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Date Created
2019-05

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Effects of a Community-Based Nutrition Program on the Intake of Fruits, Vegetables, and Sugar in Children

Description

Childhood obesity is a worsening epidemic in the U.S. with substantial racial/ethnic and socioeconomic disparities. Community-based approaches are necessary to target populations that are disproportionately affected by childhood obesity. The current randomized controlled trial assessed the effects of Athletes for

Childhood obesity is a worsening epidemic in the U.S. with substantial racial/ethnic and socioeconomic disparities. Community-based approaches are necessary to target populations that are disproportionately affected by childhood obesity. The current randomized controlled trial assessed the effects of Athletes for Life (AFL), a 12-week community-based nutrition education and physical activity program that aims to improve cardiovascular fitness and promote healthy eating among families in the South Phoenix region, relative to a control condition. One of the goals of the intervention was to increase participating children's intake of fruits/vegetables and reduce their sugar intake, measured by a parent-reported food-frequency questionnaire. Data were collected on 110 child participants aged 6-11 years old. Relative to baseline values, participants in the intervention reportedly increased their fruit intake frequency by 0.12 + 2.0 times per day, whereas the control group decreased their intake by 0.32 + 1.28 times per day (p=0.026). Participants in the intervention group also increased their vegetable intake by 0.21 + 0.65 times per day, whereas control participants decreased their intake by 0.05 + 0.72 times per day (p=0.019). Participants in the intervention group decreased their intake of sugar-sweetened beverage (SSB) intake by 0.22 + 0.62 times per day, whereas control participants decreased their intake of SSBs by 0.04 + 0.40 times per day, however, the change observed in SSB intake was not significant between groups. Lastly, frequency of sugar-laden food intake decreased by 0.86 + 1.10 times per day among the intervention group, whereas control participants increased their intake by 0.02 + 1.10 times per day (p=0.033). The AFL study may serve as a framework for future community-based interventions to promote health in underserved areas.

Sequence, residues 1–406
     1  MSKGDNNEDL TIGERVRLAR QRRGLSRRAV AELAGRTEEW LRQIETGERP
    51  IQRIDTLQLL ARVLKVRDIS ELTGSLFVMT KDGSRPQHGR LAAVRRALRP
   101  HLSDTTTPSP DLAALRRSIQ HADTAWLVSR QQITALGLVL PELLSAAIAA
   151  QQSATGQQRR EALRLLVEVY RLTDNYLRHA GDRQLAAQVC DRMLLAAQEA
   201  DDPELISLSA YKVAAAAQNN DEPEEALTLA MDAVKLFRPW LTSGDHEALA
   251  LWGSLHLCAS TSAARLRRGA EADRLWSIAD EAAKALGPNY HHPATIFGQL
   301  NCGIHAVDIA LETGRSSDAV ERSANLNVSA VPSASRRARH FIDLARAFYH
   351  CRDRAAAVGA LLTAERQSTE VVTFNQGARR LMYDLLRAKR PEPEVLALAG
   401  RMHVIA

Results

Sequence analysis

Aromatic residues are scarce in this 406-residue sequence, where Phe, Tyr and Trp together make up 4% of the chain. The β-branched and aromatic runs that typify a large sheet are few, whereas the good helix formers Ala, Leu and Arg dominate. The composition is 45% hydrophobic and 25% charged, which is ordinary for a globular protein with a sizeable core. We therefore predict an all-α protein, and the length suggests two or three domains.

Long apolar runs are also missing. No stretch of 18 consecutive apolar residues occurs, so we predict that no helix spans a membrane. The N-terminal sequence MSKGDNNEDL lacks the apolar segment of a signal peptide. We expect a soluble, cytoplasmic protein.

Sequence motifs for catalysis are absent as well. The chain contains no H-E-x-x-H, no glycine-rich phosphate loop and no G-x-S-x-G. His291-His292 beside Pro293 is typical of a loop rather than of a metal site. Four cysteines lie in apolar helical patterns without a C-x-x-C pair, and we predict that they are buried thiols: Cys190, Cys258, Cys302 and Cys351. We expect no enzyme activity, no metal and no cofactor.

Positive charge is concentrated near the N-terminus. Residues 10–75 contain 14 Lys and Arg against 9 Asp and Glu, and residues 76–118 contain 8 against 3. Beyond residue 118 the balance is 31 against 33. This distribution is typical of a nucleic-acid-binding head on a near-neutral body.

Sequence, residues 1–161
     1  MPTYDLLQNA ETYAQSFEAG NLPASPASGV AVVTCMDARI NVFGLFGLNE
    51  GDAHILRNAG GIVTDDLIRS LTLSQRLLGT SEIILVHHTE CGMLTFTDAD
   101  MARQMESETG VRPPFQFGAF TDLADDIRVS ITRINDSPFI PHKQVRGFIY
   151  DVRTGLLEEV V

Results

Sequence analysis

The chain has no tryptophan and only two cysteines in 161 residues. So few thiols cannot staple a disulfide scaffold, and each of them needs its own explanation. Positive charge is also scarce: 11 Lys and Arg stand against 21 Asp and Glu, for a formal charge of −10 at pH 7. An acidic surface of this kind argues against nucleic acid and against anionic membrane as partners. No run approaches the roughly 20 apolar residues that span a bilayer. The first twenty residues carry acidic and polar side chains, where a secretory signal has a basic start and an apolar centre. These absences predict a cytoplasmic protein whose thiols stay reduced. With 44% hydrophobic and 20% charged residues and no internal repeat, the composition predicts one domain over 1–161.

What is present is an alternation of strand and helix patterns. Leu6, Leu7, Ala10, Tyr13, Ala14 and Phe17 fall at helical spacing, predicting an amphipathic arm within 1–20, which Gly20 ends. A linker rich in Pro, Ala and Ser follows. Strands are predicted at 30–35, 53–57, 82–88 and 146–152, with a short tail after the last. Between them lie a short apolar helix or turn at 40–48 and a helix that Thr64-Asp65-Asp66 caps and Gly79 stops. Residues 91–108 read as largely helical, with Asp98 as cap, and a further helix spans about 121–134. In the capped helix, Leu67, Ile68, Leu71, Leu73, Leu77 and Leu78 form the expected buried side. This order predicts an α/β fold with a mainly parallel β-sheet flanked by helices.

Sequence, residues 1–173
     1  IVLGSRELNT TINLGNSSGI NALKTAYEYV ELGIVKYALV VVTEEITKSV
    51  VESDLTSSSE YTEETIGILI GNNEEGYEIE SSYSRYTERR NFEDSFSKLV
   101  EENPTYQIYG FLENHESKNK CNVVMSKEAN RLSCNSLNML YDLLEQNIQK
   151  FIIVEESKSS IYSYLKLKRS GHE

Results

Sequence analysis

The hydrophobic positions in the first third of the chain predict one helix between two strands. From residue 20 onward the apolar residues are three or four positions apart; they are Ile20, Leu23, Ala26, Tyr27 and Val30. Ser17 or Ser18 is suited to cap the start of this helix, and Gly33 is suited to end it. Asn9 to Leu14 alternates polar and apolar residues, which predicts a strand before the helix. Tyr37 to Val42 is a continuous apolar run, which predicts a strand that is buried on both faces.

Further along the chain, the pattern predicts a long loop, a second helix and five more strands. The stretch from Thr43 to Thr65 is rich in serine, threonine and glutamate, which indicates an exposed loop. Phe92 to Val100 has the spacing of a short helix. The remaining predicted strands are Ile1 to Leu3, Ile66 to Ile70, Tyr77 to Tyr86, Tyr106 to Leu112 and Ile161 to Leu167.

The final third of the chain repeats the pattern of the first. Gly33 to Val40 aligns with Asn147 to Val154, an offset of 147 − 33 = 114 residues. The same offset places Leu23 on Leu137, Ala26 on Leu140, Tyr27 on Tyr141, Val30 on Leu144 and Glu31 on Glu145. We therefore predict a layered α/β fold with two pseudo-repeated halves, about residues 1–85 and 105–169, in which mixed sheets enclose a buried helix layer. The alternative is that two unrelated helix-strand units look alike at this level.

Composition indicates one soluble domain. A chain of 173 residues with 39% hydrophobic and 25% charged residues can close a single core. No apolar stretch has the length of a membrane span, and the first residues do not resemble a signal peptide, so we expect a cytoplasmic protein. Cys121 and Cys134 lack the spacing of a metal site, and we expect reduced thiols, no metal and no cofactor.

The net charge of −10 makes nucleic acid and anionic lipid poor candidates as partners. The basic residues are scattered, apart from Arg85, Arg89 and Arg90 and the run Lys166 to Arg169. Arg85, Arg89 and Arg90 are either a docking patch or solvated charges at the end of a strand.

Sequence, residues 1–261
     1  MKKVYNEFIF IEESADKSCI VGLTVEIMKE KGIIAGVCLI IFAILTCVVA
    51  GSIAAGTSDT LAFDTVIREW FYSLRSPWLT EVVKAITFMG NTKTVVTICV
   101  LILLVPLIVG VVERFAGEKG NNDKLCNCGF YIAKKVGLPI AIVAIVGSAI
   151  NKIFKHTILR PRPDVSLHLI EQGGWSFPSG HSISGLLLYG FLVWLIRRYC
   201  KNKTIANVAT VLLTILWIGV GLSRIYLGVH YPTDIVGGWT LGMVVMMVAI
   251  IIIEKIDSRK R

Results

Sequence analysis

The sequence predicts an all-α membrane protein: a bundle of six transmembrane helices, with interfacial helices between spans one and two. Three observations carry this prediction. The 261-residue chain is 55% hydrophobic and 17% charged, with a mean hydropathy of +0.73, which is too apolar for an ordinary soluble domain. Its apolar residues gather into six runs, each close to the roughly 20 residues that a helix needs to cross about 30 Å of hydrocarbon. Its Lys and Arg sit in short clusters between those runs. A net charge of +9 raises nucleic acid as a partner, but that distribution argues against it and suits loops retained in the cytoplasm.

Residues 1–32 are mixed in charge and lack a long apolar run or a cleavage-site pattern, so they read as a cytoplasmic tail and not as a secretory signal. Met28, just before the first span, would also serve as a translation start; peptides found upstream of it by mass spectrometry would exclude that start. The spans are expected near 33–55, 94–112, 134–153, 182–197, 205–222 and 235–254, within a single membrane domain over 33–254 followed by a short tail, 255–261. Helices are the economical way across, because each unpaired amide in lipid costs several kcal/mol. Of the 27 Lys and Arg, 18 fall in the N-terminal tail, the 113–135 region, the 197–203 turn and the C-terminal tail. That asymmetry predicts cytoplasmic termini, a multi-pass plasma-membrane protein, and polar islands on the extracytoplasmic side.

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Created

Date Created
2018-05

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Increasing Health and Fitness Literacy in Underserved Communities to Prevent Childhood Obesity in Children Ages 8-14

Description

One of the great difficulties in leading America to become a healthier nation involves overcoming the socioeconomic disparity that exists between income and health literacy. Impoverished communities consistently lack the proper health education to make quality food purchases and healthy

One of the great difficulties in leading America to become a healthier nation involves overcoming the socioeconomic disparity that exists between income and health literacy. Impoverished communities consistently lack the proper health education to make quality food purchases and healthy lifestyle choices, leading to higher rates of obesity. Through FitPHX Energy Zones, an after-school program designed to encourage Phoenix youths to lead healthier lifestyles through an innovative use of library spaces, I provided health education and opportunities for physical activity for 8 to 14-year-olds in underserved Phoenix communities. However, although this intervention made significant progress with the kids' health literacy development over the course of the program, it is difficult for community-based intervention programs to continue in the long run due to budget or other extraneous circumstances. Once the program ends, there needed to be a way to continue to reach the kids beyond the scope of the program such that they can continue to experience the lessons taught during the program. Following the conclusion of FitPHX, I created an interactive book for the kids I worked with to help them retain the health and nutrition knowledge taught during the program.

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Created

Date Created
2018-05

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My Health Story: Teaching Children Healthful Habits

Description

The purpose of this paper is to examine the current health status of children and adults in the United States as it relates to the current obesity epidemic. There will also be an examination of how nutrition education is commonly

The purpose of this paper is to examine the current health status of children and adults in the United States as it relates to the current obesity epidemic. There will also be an examination of how nutrition education is commonly presented to children currently and how it was presented in a community-based health intervention, Athletes for Life, during a six-week pilot program of the intervention. Using the data compiled on the current health status of the population of the United States, the methods of intervention examined and the seemingly most effective means to relay nutrition information to school-age children, a coordinated nutrition curriculum will be proposed and implemented into the efficacy portion of Athletes for Life, a ten-week intervention.